Does it ever feel sometimes like we have slipped into another reality? Another dimension where everything feels the same, yet totally and completely different? That’s exactly what hip hop veterans Atmosphere have done with their new album, The Day Before Halloween, released on, well, the day before Halloween.
Getting inspiration from thriller fiction novels, as well as the hellish train wreck that has been 2020, the respected duo’s new album takes everything you expected it would be and flips it entirely upside down.
Creating its own path down a trail of Ant’s rough synths and on-point drum tracks, coupled with Slug’s distorted vocals and narrative-setting mastery, The Day Before Halloween takes you through the doors of one reality as a soul lost in an Orwellian 1984 before spitting you out into another twisted, Ryan Murphy-type world. The album was released alongside a full-length YouTube movie by the same name, directed by Jason Goldwatch, and it stands up to everything creepy and incredible that the album does.
“Where the Road Forks” kicks things off by immediately, hitting you with the synths that made 80s music so recognizable. Slug, born Sean Daley, comes in with a chorus of his own reverberated voice, spending the first track in a bit of a self-reflective mood, stating “considering all the shit that you’ve seen, I don’t see what you’re seeing in me”. Developed over the past few decades, Slug’s ability to tell a story with his lyrics cautiously invites the listener in, opening them up to a world of gripping descriptions that force you to sit back and spend time reflecting on your own life, love, stress and setbacks. As an opening track, it sets the stage for the journey us listeners are about to travel.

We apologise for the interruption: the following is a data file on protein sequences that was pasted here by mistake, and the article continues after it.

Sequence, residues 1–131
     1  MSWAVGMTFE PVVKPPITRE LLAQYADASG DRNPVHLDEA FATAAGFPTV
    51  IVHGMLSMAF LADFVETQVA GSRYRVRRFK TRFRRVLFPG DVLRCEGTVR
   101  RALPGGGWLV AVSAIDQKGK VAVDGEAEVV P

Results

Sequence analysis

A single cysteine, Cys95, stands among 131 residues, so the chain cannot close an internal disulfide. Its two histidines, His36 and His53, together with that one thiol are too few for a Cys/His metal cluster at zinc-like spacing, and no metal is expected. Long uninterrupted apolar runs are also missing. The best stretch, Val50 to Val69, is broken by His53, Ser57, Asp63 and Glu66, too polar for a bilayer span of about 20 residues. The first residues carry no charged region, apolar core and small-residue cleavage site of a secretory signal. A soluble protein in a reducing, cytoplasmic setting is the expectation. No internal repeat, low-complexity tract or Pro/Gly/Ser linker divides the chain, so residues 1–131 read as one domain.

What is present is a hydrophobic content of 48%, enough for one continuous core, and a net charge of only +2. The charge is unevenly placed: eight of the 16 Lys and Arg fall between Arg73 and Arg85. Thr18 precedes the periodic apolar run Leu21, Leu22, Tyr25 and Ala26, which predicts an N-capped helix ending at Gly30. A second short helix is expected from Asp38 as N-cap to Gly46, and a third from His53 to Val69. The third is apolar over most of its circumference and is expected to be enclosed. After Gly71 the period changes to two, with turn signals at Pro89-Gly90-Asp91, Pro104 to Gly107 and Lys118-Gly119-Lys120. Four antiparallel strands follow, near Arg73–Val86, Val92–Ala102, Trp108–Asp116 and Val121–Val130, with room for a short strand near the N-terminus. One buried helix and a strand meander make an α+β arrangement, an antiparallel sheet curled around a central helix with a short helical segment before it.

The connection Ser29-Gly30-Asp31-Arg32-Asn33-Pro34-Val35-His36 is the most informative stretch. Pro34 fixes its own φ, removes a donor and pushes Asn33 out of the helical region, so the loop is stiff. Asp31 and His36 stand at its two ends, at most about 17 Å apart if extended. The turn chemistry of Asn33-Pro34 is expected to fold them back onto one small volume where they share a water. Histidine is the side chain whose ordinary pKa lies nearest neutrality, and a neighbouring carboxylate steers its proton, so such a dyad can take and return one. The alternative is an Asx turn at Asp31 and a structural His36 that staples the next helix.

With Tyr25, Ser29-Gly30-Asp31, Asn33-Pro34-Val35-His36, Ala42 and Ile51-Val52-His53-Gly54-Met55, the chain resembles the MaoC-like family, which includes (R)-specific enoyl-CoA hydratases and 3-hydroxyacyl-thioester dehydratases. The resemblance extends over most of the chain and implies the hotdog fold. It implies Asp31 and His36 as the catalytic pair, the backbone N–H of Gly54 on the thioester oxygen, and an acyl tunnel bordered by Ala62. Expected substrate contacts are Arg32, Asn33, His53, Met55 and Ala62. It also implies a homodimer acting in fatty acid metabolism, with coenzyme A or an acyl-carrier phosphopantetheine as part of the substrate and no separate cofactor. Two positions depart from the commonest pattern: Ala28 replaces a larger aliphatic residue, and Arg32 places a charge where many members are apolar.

Jumping down to the album’s fifth track entitled “The Future is Disgusting”: this one rolls up a joint like a bazooka, continuing the theme of distorting your mind into thinking we’ve slipped into a different realm. It truly is disgusting, yet in the most perfect way. This track makes it very clear the feelings of haters are anything but important. Not caring what they find inappropriate — “it’s a bar, not a church, your Holiness”. Of course, there had to be at least one song where Ant shows off a bit. The talent this man has when it comes to spinning the Ones and Twos is next to none. He skillfully wraps up the song with an epic display of scratching laid over top of those famous DSL boot up tones and screeches.
Time to take a trip with this one. Released as a single, the record’s eighth track “Blotter Acid Reflux Syndrome” (or “BARS”, for short), engulfs our brains with an organ-driven score reminiscent of an old horror movie. Raising eyebrows and invoking thought with lines such as “all I wanted was to be a part of something larger than the sum of the parts… and it’s my darkest parts that seem to get all the shine.” Fitting in perfectly with the rest of the album, “BARS” is just that. Slug’s penmanship is on point like never before in this shady, sometimes disturbing refrain that fans are sure to find fascinating.
In the 20 some odd years they have been on the scene, Slug and Ant have been building a legacy of honesty and humility.
Atmosphere exposes true vulnerability, all the while pushing music to develop into something beyond and never abandoning their roots. The two have molded the tracks on this album in a way that is truly unique, without forgetting to pay homage to those who shaped them into what they are today — the mighty Atmosphere.
Purchase or stream ‘The Day Before Halloween’ album:
- Where The Road Forks
- Space Is Safe
- She Loves Me Not
- The New People
- The Future Is Disgusting
- Blotter Acid Reflux Syndrome
- Party Crashers
- Sleep Apnea
Atmosphere – “The Day Before Halloween” full-length movie:
Cover photo by Shelly Mosman
Disclaimer: All views presented in this album review are those of the reviewer and not necessarily those of Top Shelf Music.